Buried deep within the crash investigation report was news of a broken wind-shear detector on the western edge of the east-west runway (the runway where Flight 759 took off); hunters had damaged it with gunfire shortly after it was installed. It was fixed, but hunters shot it out again. “They gave up fixing it,” said Brad Dunbar, a spokesman for the NTSB. Ray P. Sick, a safety officer for the Professional Air Traffic Controller Organization at New Orleans International Airport, reported it in unsatisfactory condition to the Federal Aviation Administration on October 29, 1980; it was out of service for approximately one year and eight months prior to the crash.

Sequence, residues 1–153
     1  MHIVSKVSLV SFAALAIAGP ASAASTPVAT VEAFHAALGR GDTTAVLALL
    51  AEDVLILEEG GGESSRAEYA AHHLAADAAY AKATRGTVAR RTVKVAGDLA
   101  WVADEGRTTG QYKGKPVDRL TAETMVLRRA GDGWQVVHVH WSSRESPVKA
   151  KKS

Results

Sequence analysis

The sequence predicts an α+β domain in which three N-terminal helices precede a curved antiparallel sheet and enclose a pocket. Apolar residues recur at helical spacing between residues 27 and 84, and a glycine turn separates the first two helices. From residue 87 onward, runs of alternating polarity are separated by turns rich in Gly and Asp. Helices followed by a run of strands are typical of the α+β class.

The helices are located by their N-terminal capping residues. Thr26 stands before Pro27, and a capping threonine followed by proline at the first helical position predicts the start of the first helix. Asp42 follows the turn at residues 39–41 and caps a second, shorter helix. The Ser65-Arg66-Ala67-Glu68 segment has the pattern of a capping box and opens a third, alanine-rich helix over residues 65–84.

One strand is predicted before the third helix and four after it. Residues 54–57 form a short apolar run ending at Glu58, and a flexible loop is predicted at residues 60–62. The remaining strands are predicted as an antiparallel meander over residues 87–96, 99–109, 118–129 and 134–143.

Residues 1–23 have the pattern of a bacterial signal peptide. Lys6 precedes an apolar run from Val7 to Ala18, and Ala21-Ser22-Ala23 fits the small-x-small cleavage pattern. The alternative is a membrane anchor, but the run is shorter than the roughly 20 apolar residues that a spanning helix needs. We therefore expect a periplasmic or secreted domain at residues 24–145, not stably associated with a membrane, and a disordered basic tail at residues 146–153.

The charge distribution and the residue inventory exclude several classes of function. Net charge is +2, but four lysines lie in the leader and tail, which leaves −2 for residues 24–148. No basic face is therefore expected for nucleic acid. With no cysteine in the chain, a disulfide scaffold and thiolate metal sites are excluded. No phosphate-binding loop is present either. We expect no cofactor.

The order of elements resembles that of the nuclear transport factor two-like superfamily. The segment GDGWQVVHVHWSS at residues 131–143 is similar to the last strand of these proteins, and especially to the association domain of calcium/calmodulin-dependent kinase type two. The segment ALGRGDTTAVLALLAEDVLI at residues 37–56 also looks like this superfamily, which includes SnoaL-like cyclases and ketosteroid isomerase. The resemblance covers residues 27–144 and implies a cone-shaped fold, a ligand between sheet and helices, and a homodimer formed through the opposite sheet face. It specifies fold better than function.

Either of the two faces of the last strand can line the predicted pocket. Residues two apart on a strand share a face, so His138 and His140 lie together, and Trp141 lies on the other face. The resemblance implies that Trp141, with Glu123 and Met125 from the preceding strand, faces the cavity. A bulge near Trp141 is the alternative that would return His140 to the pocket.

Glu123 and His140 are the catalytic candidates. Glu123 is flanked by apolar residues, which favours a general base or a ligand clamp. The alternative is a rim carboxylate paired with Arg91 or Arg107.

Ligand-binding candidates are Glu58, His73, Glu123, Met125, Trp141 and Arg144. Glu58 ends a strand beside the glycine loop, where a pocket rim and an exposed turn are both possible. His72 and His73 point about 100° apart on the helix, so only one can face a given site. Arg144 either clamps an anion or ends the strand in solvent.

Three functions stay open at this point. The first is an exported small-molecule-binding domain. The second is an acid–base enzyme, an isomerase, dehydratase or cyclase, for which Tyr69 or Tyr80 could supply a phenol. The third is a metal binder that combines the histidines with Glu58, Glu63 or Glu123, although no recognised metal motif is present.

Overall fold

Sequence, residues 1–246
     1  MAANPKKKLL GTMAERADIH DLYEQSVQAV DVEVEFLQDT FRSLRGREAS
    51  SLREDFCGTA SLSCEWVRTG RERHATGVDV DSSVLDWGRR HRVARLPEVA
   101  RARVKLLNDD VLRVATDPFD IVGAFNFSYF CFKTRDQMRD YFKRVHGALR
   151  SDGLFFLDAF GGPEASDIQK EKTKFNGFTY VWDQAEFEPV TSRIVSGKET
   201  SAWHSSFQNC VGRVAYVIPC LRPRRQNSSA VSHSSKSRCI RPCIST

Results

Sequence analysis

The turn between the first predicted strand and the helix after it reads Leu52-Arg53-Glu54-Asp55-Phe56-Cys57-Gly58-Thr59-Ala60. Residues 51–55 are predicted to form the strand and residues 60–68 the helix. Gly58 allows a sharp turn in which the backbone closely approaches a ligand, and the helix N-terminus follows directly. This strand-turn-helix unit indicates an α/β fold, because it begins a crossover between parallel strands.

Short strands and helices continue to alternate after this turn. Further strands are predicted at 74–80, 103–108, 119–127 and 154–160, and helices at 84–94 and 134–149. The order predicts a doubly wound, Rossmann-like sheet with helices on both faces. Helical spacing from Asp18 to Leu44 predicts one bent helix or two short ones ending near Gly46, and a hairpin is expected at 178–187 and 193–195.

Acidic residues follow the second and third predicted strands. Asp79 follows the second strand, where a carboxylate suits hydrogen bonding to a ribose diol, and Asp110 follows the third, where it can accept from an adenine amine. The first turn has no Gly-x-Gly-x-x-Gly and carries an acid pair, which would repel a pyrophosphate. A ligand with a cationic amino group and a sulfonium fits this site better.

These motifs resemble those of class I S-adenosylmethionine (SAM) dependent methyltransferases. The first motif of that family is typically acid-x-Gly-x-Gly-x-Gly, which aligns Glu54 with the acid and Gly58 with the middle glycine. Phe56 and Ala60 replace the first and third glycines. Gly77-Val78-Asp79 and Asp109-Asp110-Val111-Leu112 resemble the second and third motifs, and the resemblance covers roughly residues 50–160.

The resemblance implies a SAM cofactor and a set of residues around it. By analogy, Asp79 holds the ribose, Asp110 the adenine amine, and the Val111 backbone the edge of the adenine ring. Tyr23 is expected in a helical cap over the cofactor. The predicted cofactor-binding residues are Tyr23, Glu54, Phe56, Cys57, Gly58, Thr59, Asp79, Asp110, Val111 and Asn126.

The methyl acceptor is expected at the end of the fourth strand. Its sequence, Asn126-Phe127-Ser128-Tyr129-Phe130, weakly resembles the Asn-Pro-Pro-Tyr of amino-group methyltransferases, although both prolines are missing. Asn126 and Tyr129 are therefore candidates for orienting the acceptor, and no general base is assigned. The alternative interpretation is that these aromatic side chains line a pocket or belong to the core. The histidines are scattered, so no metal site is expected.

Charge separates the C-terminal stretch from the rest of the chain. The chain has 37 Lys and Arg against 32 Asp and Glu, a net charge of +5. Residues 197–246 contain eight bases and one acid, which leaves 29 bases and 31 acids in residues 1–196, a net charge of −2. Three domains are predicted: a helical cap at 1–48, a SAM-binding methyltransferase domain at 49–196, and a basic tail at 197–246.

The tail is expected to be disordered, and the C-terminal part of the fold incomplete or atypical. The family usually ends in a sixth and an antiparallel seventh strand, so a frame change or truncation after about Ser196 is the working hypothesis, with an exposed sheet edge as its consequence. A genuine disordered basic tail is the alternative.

Pan American Airlines and the federal government, facing lawsuits in excess of $3 billion, accepted blame for the jet crash in a hearing on May 13, 1983, in New Orleans and offered victims’ families an undisclosed settlement. Wendell Gautier, a lawyer representing several of the victims’ families, called the move “astounding.”
A memorial to the victims of Flight 759 was constructed in a garden at Our Lady of Perpetual Help Catholic Church in Kenner, one mile from the crash site, where tiles bearing the names of the crash victims are embedded into a low circular wall.
Once the world’s largest international air carrier, Pan American World Airways—founded in 1927—ceased operations in 1991 after declaring bankruptcy.